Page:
53:20

According to an estimate by the Kremlin, the underworld now controls

tzmofficial 53:20
53:23

as much as 40% of the nation's economy.

tzmofficial 53:23
53:28

(Narrator) In 2009, 20 years after the collapse of the Soviet Union,

tzmofficial 53:28
53:33

The Pew Charitable Trusts conducted a poll of Eastern Europeans.

tzmofficial 53:34
53:38

It revealed a deep ambivalence about the transition from communism

tzmofficial 53:38
53:40

to free market capitalism.

tzmofficial 53:41
53:45

The poll notes that in many nations, majorities or pluralities

tzmofficial 53:46
53:50

say that most people were actually better off under communism.

tzmofficial 53:52
53:56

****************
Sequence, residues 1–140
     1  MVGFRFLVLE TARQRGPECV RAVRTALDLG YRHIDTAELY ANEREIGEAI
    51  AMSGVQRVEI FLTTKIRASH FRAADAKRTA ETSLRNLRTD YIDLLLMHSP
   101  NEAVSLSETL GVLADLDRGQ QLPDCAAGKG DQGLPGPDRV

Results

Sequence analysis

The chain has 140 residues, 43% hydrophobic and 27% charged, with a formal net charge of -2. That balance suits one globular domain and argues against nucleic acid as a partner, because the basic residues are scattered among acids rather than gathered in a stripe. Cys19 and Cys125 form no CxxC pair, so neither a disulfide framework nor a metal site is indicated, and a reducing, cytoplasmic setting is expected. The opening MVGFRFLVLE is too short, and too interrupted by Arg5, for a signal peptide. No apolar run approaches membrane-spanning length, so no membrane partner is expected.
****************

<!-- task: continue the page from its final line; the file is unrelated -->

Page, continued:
The figure is lowest in East Germany and highest in Hungary

tzmofficial 53:56
53:59

where fully 72% of the population

tzmofficial 53:59
54:02

preferred the communist model.

tzmofficial 54:09
54:11

In Eastern Europe as a whole,

tzmofficial 54:11
54:15

only one third believes their country is run for the benefit of all people.

tzmofficial 54:16
54:19

Only one quarter believes that most elected officials

tzmofficial 54:19
54:21

care about what ordinary people think

tzmofficial 54:21
54:26

and only one in three is satisfied with capitalist democracy.

tzmofficial 54:27
54:30

The poll gave participants two options:

tzmofficial 54:30
54:34

Soviet style communism or free market capitalism.

tzmofficial 54:35
54:38

A third choice was not offered.

tzmofficial 54:39
54:41

Postscript

tzmofficial 54:43
54:46

If you improve schooling, if you improve healthcare

tzmofficial 54:46
54:52

if you improve education, if you improve living conditions of people

tzmofficial 54:52
54:54

they become stronger and more confident,

tzmofficial 54:54
54:56

they become insulated against fear